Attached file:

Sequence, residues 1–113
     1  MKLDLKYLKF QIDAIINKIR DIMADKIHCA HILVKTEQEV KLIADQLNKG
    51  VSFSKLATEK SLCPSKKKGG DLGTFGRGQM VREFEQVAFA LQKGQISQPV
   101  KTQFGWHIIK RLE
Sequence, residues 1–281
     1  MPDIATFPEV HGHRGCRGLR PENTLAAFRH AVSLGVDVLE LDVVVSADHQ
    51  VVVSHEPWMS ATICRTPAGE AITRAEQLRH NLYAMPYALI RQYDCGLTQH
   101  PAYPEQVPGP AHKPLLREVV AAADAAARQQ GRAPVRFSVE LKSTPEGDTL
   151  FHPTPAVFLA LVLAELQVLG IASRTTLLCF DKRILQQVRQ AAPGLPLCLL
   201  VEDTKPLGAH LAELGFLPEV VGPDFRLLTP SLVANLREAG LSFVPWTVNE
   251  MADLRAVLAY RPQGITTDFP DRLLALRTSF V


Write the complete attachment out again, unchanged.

Sequence, residues 1–113
     1  MKLDLKYLKF QIDAIINKIR DIMADKIHCA HILVKTEQEV KLIADQLNKG
    51  VSFSKLATEK SLCPSKKKGG DLGTFGRGQM VREFEQVAFA LQKGQISQPV
   101  KTQFGWHIIK RLE
Sequence, residues 1–281
     1  MPDIATFPEV HGHRGCRGLR PENTLAAFRH AVSLGVDVLE LDVVVSADHQ
    51  VVVSHEPWMS ATICRTPAGE AITRAEQLRH NLYAMPYALI RQYDCGLTQH
   101  PAYPEQVPGP AHKPLLREVV AAADAAARQQ GRAPVRFSVE LKSTPEGDTL
   151  FHPTPAVFLA LVLAELQVLG IASRTTLLCF DKRILQQVRQ AAPGLPLCLL
   201  VEDTKPLGAH LAELGFLPEV VGPDFRLLTP SLVANLREAG LSFVPWTVNE
   251  MADLRAVLAY RPQGITTDFP DRLLALRTSF V